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Hockey’s Jadoogar – Dhyan Chand

Dhyan Chand popularly known as hockey's jadoogar. Dhyan Chand was born on 29th August, 1905 at Allahabad. His father was in the British Indian...
HomeToday in HistoryToday in History - 26 April

Today in History – 26 April

today in history 26 april1479

Vallabhacharya, founder of ‘Pushthimarg Panth’, was born.


Bombay Gazette began publishing on silk.


John Wilkes Booth was killed when Union soldiers tracked him down to a Virginia farm 12 days after he had assassinated President Abraham Lincoln.


Srinivas Ramanujam, famous Indian mathematician, passed away at Chetpet in Madras.


Ramabai Ranade, social reformer, passed away. She played a major role in the upliftment of women in India and had founded Sevasadan in Bombay, a hostel for the ladies.


Karachi Autonomous Region established in RSFSR (until 1943).


British fliers made a record nonstop 4,130-mile trip from London to India.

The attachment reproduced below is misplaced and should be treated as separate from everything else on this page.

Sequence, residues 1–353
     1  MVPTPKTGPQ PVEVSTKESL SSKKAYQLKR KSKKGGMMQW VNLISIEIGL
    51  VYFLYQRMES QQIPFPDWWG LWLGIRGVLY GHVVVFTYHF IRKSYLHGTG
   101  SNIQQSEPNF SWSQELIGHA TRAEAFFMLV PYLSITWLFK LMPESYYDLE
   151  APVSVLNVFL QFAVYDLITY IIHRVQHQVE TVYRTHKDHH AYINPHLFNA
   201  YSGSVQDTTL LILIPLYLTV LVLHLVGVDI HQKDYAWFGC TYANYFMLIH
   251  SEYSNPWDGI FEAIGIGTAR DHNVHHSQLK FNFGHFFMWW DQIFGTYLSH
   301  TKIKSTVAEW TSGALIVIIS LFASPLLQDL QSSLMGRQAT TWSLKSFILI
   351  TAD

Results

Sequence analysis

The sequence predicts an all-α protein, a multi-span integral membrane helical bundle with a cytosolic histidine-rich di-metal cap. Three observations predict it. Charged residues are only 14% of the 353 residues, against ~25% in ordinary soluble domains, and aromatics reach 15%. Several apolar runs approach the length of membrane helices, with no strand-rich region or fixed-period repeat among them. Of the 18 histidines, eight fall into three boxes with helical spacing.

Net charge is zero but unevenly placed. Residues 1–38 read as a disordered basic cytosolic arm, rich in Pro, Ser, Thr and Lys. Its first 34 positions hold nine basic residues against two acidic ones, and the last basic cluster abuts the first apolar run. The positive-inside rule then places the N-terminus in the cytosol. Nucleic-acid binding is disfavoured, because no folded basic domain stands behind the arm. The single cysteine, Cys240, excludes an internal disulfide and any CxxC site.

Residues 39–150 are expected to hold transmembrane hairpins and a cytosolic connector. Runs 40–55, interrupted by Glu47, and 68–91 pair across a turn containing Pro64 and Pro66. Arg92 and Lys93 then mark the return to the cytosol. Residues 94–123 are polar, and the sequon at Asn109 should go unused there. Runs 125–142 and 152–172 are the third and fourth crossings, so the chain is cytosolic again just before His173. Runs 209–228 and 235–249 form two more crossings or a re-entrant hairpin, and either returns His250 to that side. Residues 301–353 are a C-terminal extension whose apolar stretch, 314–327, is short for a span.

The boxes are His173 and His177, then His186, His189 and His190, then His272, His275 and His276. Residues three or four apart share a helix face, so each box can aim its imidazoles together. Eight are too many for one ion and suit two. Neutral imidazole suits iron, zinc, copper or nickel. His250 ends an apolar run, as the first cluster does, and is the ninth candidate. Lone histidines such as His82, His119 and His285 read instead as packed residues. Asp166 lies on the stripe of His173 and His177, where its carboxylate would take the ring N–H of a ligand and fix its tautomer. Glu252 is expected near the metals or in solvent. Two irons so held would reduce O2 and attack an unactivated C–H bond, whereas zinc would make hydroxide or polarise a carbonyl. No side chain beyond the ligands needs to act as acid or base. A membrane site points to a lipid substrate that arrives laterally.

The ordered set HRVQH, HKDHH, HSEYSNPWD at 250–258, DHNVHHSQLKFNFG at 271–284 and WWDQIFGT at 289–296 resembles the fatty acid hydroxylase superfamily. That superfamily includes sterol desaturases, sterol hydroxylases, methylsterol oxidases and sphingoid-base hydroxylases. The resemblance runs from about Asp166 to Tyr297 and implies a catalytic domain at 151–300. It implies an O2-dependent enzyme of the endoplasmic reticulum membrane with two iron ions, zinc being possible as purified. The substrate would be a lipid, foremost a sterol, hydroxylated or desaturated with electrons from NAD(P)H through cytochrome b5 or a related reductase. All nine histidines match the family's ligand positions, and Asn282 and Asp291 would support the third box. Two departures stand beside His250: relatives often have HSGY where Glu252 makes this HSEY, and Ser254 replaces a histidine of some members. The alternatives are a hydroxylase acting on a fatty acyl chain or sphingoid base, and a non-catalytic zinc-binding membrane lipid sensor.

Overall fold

V. K. Ramaswamy, cricket test umpire for 10 tests from 1984-till date, was born at Hyderabad. He has become one of the first Indian Test umpires to be invited to do umpiring in a foreign country along with P. D. Reporter.


The Salk polio vaccine field trials, involving 1.8 million children, began at the Franklin Sherman Elementary School in McLean, Virginia. Children in the United States, Canada and Finland participated in the trials, which used for the first time the now-standard double-blind method, whereby neither the patient nor attending doctor knew if the inoculation was the vaccine or a placebo. On April 12, 1955, researchers announced the vaccine was safe and effective and it quickly became a standard part of childhood immunizations in America. In the ensuing decades, polio vaccines would all but wipe out the highly contagious disease in the Western Hemisphere.


The world’s worst nuclear accident to date happened at the Chernobyl nuclear plant near Kiev in Ukraine. The full toll from this disaster is still being tallied, but experts believe that thousands of people died and as many as 70,000 suffered severe poisoning.


Indian Newspaper Society (INS) called off its stir plans following Government conceding a major demand of the newspaper industry by putting newsprint on the Open General Licence (OGL) and abolishing the condition requiring newspapers to buy two tonnes of indigenous newsprint in order to import one tonne.


SAARC decided to launch South Asia Preferential Trade Area (SAPTA).

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